Freshwater

Where: Valentine Lake

What: Bass (Catfish and panfish also available)

How: This little lake in the Kisatchie National Forest near Alexandria is a hidden gem for kayak anglers. Motorized boating isn’t allowed, so the 46-acre lake doesn’t get much attention from bass anglers that fish in power boats. The lake was fully under the radar until May of 2010, when Regina Womak caught the No. 2 Louisiana state record bass from her kayak on Valentine. The beast weighed in at 15.87 pounds, but reports are that if it had been weighed in sooner it would be the top bass ever caught in the state. The lake underwent a drawdown and habitat improvements several years ago, and is perfect for kayakers to catch some great bass. Although small, a depth/fish finder is a great tool to locate winter fish that are holding deep to ledges and drop-offs. Bait presentation should be precise and slow. Jigs, drop-shot worms and jigging spoons make targeting lethargic winter bass a strategic operation. Find where the fish are holding and slowly send the baits down to them. Use of slow-jigging strokes and subtle presentation helps trigger bites from inactive fish.

Launch: There is no specific boat launch since there are no motor boats allowed. Launching is by drag or carrying from designated day-use parking areas. There are also several inexpensive rustic camping sites that have launch access to the nearby lake. A few of the campsites are situated lakeside. 

Insider tip: Day use is from 8 a.m. until 8 p.m. and there is no cost. This is not an issue for winter fishing as later starts are better to give time for the temperature to warm up a bit.

www.fs.usda.gov/recarea/kisatchie/recreation/recarea?recid=34643&actid=70


Saltwater

Where: Hopedale

What: Speckled trout, redfish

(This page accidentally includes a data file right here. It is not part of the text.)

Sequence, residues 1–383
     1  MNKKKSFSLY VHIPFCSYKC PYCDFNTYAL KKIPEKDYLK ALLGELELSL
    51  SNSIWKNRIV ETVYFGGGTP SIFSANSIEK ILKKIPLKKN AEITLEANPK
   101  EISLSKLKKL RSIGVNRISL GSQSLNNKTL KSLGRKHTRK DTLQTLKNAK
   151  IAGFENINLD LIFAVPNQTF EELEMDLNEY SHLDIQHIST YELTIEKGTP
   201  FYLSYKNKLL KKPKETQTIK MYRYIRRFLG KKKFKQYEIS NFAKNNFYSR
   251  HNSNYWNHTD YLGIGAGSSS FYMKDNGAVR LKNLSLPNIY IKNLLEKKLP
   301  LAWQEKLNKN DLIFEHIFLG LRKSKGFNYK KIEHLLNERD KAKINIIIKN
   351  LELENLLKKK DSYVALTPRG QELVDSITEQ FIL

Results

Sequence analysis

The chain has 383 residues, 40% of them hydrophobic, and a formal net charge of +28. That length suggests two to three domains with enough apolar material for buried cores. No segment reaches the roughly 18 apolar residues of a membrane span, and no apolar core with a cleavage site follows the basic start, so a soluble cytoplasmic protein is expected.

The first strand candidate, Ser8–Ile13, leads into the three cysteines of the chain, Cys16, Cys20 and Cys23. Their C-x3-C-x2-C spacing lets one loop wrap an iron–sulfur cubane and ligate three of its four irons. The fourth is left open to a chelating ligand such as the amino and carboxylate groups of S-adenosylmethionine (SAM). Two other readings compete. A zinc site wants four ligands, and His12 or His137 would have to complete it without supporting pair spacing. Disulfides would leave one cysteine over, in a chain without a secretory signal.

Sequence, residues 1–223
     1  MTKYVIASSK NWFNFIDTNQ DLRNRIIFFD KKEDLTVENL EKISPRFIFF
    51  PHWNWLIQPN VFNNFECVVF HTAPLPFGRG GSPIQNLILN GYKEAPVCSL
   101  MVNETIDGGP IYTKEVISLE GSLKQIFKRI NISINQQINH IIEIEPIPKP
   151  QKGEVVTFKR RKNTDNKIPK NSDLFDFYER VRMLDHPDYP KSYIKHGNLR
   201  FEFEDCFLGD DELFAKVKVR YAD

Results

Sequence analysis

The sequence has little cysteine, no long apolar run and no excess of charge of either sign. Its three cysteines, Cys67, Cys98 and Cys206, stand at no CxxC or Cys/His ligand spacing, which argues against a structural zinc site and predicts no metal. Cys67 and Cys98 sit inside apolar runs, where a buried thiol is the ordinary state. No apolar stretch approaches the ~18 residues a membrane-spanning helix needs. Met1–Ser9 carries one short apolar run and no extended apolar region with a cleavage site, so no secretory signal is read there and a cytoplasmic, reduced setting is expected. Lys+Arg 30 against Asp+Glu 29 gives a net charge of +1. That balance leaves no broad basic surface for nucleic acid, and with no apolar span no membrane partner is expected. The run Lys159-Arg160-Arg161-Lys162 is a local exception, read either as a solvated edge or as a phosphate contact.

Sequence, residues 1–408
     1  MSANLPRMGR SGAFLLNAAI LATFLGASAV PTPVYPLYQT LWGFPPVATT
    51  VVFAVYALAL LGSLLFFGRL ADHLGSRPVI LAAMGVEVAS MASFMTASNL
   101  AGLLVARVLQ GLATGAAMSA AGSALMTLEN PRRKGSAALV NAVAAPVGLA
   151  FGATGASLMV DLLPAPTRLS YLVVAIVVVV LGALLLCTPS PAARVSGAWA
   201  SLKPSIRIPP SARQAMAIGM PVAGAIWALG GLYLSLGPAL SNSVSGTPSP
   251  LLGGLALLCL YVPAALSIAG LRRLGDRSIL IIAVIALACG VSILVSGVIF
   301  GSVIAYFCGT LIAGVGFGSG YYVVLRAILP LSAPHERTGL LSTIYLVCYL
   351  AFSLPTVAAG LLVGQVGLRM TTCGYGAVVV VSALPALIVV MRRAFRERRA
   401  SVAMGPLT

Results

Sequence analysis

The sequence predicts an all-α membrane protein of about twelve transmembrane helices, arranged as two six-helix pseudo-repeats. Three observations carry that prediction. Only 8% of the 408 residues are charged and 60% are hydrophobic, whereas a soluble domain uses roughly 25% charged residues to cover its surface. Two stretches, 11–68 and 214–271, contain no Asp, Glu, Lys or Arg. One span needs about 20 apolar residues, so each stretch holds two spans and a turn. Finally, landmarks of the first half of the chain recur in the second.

How: January can be a slow month, but with a warm winter so far, fishing has been fantastic. Hopedale offers close paddles and an endless choice of lagoons, bays and canals to fish under a variety of winter conditions. The best bet is for speckled trout in Hopedale Lagoon and Lake Ameda. The easiest method is to slow troll or drift soft plastics. Color selection is a matter of choice, but the general rule of clear water/lighter colors holds true. The key is using light jigheads to minimize snags as the lure is slowly pulled behind the kayak. Use a 1/8- to 1/16-ounce quality head and let out enough line to keep the lure bouncing on the bottom. Fish can be found from near the bank out to the middle, so drift or troll in straight lines. If you catch fish on a particular run, paddle wide around the area, back to the starting point and repeat. If no fish are caught, move over about 20 yards and try again. The reason this presentation is successful is because it brings the bait to the fish since they are generally less aggressive in the cold water. Try dead shrimp under a cork for redfish around drains and points along the shoreline. 

Launch: There is a backdown concrete launch at the old Pip’s Place just past Hopedale Bayou. There’s a $5 honor box to pay launch fees. Access Hopedale Lagoon via a short paddle up Bayou La Loutre and through Hopedale Bayou.

Insider Tip: Launch a little later to avoid early morning duck hunters. Fish the mouth of Hopedale Bayou as it enters Hopedale Lagoon — it can often be a one-stop shop.